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March 26, 2009

Ethiopia shuts down coffee exporter warehouses over hoarding claims

by Jason McLure

Ethiopia, Africa’s largest coffee producer, closed the warehouses of the country’s six largest exporters of the beans and suspended their licenses after accusing the brokers of hoarding the crop, the government said.

“They have five days to appeal their case,” Ermias Legesse, the state minister of government communication affairs, said by phone from the capital, Addis Ababa, on March 25.

Ethiopian Prime Minister Meles Zenawi the previous week accused exporters of stockpiling coffee while they waited for international prices to rise, a practice he called “an illegal way of working.” Meles said the government would seize the coffee if it wasn’t sold immediately.

Coffee exports from Ethiopia, the origin of the Arabica coffee plant, have declined more than 10 percent in the first eight months of the country’s fiscal year, which began July 8, to 76,674 metric tons, according to trade ministry figures. Coffee is Ethiopia’s biggest export.

Coffee production in the October to December harvest period declined 14 percent to an 302,290 tons because of drought and disease, the Agriculture Ministry said Dec. 19.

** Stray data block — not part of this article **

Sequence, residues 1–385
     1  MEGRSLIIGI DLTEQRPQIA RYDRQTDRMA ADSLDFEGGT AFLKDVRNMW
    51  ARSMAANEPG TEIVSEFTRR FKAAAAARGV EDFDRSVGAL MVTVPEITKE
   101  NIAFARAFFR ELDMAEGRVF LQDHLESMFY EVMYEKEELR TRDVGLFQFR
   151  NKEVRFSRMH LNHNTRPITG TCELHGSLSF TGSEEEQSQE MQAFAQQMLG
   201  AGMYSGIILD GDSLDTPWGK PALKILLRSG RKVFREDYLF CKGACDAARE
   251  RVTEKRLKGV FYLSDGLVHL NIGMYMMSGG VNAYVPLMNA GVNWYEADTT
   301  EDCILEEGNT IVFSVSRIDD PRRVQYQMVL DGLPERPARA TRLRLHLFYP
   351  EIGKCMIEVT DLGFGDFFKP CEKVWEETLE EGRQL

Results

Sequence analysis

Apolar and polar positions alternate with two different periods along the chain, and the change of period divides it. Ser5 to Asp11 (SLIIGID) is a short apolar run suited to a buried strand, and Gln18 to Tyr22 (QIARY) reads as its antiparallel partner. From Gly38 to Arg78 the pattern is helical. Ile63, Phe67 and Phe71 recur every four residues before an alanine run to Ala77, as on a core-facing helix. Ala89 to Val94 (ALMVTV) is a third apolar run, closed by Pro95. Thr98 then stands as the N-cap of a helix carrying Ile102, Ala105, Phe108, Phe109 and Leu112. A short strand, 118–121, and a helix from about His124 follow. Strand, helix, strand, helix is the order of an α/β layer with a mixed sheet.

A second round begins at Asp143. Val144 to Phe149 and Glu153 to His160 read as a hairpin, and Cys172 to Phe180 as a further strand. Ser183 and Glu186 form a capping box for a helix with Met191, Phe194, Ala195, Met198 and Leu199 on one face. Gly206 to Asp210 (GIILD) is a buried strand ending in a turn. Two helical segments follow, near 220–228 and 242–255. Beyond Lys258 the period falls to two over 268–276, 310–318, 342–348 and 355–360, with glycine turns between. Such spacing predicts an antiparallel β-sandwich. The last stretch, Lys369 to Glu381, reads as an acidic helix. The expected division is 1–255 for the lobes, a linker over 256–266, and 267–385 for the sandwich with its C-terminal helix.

“We haven’t hoarded anything,” Yismashewa Seyoum, the commercial manager of Seid Yassin Pvt. Ltd., said in a phone interview from Addis Ababa. “We have proof that we haven’t been hoarding so we are confident that the ban will be lifted.”

Ethiopia’s has been affected by a shortage of foreign exchange that has caused of everything from Coca-Cola and automobile parts to medical supplies, because manufacturers can’t import raw materials.

Arabica coffee for May delivery traded at $1.1650 a pound in New York as of 11:07 a.m. local time (March 25).


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